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Claire

Gluten Sensitivity - Celiac - Ataxia Etc.

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You might check these out. Claire

Gluten sensitivity is an important cause of apparently idiopathic ataxia and may be progressive. The ataxia is a result of immunological damage to the cerebellum, to the posterior columns of the spinal cord, and to peripheral nerves. We propose the term gluten ataxia to describe this disorder.

http://www.ncbi.nlm.nih.gov/entrez/query.f...st_uids=9843103

BACKGROUND: Gluten ataxia is a common neurologic manifestation of gluten sensitivity.

CONCLUSIONS: Patients with gluten ataxia have antibodies against Purkinje cells. Antigliadin antibodies cross-react with epitopes on Purkinje cells.

http://www.ncbi.nlm.nih.gov/entrez/query.f...t_uids=11971090

Gluten sensitivity can manifest with ataxia. The metabolic status of the cerebellum was investigated in 15 patients with gluten ataxia and 10 controls using proton MR spectroscopy.

The fact that the disease is strongly associated with the same HLA haplotypes found in coeliac disease not only demonstrates coeliac disease and ataxia with gluten sensitivity to be part of the same disease entity but supports the hypothesis of an immunological pathogenesis of cerebellar degeneration.

http://www.ncbi.nlm.nih.gov/entrez/query.f...t_uids=11335703

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Claire -- thank you so much for those references. I'm going to send them to my neuro. I'm sure that there are a lot more of us who appreciate all your input, as well. I really appreciate you. .. . Lynne

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This info is so helpful. My father has been in chronic pain for 7 years and no one has been able to find out why. After learning about celiac with my kids being diagnosed, I suspect it to be his problem. This is very informative and I'm passing it on. Do you have ataxia and, if so, what are your symptoms.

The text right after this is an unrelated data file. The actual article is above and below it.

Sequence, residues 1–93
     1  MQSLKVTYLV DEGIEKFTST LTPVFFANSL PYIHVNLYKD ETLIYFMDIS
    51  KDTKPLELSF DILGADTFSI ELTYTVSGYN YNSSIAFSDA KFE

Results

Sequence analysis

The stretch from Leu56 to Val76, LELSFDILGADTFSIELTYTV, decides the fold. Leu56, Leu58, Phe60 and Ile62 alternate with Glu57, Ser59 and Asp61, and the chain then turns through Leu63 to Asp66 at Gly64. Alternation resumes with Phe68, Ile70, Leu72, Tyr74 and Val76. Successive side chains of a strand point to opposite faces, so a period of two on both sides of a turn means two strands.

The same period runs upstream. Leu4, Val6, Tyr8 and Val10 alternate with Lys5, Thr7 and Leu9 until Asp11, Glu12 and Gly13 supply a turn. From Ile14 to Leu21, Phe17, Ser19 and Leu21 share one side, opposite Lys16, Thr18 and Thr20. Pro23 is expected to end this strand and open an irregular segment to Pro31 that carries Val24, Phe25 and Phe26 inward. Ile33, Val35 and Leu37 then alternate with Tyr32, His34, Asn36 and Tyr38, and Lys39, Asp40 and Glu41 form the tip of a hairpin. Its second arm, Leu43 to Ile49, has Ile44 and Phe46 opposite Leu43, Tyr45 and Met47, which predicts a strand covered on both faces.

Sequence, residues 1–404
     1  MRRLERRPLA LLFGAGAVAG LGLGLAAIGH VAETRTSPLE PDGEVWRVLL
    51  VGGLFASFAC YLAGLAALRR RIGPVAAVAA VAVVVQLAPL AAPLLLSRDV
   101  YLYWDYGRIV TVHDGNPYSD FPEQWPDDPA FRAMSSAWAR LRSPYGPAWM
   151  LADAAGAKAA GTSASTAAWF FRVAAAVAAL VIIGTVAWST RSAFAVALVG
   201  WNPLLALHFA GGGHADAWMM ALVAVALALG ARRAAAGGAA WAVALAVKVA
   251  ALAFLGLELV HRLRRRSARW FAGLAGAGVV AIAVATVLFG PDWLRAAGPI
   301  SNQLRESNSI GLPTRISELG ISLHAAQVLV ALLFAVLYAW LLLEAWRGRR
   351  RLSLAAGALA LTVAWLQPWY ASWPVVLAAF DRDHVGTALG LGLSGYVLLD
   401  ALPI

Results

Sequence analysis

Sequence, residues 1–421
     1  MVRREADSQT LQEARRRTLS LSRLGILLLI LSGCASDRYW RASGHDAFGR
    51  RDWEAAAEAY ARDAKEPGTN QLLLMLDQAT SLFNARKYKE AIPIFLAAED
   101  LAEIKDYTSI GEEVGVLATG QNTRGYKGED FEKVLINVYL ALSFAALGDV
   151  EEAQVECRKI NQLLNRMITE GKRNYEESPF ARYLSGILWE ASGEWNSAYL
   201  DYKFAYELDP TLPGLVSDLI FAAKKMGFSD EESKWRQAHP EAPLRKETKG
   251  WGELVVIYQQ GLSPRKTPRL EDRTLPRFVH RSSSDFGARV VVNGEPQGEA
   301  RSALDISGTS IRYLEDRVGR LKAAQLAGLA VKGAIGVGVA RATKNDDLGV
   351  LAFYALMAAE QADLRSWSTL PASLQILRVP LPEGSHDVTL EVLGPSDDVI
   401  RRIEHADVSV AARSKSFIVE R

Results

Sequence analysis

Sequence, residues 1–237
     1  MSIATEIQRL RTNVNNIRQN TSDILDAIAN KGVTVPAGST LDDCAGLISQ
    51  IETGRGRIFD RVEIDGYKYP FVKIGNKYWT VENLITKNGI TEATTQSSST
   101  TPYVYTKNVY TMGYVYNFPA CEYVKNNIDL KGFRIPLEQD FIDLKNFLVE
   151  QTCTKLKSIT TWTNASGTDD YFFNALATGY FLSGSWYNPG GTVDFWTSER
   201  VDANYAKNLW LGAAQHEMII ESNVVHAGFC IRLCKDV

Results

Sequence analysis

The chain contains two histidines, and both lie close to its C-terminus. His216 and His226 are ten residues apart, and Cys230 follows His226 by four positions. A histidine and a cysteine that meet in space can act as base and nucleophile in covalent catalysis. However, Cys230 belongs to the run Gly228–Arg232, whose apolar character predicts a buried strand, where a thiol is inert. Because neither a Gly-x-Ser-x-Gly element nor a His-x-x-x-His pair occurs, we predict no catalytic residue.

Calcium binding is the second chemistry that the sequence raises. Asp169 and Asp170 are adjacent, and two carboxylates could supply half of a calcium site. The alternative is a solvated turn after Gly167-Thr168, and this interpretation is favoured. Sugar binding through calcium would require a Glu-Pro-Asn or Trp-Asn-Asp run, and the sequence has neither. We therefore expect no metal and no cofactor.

Tanya

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This info is so helpful. My father has been in chronic pain for 7 years and no one has been able to find out why. After learning about celiac with my kids being diagnosed, I suspect it to be his problem. This is very informative and I'm passing it on. Do you have ataxia and, if so, what are your symptoms.

Tanya

I am so pleased when a post is helpful to someone. Thanks for telling me.

Yes I do have ataxia. I have both gait and balance problems. The gait problems particularly have been worsening over the past three years. I cannot maintain a straight pursuit - rather veer off to the left and have to keep righting myself. I don't exactly go where I intend to go. It's none too safe! MRI shows classic demylinizing (loss of the sheath that covers nerves) in the cerebellum It is similar to what MS looks like on a scan except it is not as widespread - confined to a definite smaller area.

I did have severe fatigue for about a year but began taking CoQ10 which has done wonders for the energy level. It is also recommended for ataxia condition. I have essential tremor in both hands and arms (may or may not be related) and a similar condition in both legs - jelly legs. This complicates the gait problem. Essential tremors are of the MS variety - not a resting tremor list Parkinson's. I also show some nystagmus (eye issue).

I am on a Gluten-free Casein-free diet, doing physical exercises to stimulate the brain and hoping to maintain the status quo.

Good luck wiith your Dad. Hope you find an answer for him. Pain diminishes the quality of life. Claire

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...ataxia....

Claire

Hi Claire

Just had another thought and I wonder whether you/anyone can point me in the right direction. In ataxia seen in XP, it's noticeable that the tendons either don't grow or shorten - this makes it difficult to walk.

I am totally convinced that there is something happening to blood vessels feeding the body with nutrients (it always starts at the edges, either of the body or of the organs).

So, apart from inflammation, what does gluten do to the capillaries? I read somewhere that it possibly clogs them up? Does anyone have a link?